Positive political economy

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Economics, economic policy and public choice

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Live dates: 
Monday, 21 February 2022 to Sunday, 5 June 2022
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Aims and scope: 

This course introduces economics, economic policy and positive political economy to students completely new to the subject. The conversational yet precise style of this course is an excellent way of presenting the science of economics to tomorrow's policy makers and political analysts. The course is designed to provide students with a sound conceptual understanding of the subject using contemporary examples where possible. It stands out amongst all other introductory economics courses by stressing how public policy affects economic activity, and how economic considerations affect the decisions of policy makers.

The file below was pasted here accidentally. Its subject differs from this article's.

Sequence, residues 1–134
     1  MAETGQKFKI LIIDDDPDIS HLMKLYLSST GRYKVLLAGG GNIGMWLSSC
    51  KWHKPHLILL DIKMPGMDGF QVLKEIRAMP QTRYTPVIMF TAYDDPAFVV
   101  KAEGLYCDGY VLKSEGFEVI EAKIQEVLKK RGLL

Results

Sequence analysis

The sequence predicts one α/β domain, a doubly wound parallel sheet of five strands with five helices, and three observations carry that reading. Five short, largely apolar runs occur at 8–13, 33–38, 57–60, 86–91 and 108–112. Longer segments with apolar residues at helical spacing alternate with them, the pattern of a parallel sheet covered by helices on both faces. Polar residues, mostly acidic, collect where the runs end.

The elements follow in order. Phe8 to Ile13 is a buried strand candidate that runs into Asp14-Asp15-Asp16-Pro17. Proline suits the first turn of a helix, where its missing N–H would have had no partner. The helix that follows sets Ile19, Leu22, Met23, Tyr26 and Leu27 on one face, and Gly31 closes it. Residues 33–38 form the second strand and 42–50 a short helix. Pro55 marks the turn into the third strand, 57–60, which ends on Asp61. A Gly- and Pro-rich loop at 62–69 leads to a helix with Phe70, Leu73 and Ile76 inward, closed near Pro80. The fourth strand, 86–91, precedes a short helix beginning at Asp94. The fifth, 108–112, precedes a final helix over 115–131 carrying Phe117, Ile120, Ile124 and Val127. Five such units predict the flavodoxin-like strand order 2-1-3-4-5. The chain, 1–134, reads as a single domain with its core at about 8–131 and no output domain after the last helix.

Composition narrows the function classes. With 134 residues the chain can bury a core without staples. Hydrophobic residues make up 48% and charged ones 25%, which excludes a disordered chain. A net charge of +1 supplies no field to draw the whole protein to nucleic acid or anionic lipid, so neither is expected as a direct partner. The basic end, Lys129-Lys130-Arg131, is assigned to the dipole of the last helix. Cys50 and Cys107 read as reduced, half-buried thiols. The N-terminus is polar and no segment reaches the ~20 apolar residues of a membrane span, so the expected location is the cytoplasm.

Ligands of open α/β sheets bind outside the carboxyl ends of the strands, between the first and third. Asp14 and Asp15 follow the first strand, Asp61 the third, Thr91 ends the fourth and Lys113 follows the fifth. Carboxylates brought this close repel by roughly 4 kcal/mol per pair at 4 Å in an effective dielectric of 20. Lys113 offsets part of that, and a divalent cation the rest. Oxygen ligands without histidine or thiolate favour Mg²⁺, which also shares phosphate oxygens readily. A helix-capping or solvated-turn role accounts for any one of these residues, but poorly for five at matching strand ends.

The approach of this course is eminently positive, even when discussing normative questions, such as the debates about whether a lockdown should be enforced to combat an infectious desease, whether residential rents should be controlled in cities, or whether the VAT for food should be lowered. The positive approach of the course is grounded on two premises. On the one hand, there is no single public policy that will please everyone, i.e. there are always winners and losers from any given policy. On the other hand, policy makers do not need the support of everyone to be able to enact their public policies and stay in power, but just that of a certain winning coalition. Therefore, deriving a social welfare function is not only impossible from a scientific perspective, but also makes no sense whether you are a policy maker or a policy analyst. Consequently, in this course we do not try to promote a certain policy agenda, but turn instead those normative questions into positive ones. Why do some people favour and others oppose a lockdown to combat an infectious disease? Why do some people support rent controls and others oppose them? Why do some people favour the lowering of the VAT for food while others oppose it? Why do some leaders impose lockdowns? Why do some mayors impose rent controls in their cities? Why do some governments lower the VAT for food while others don't?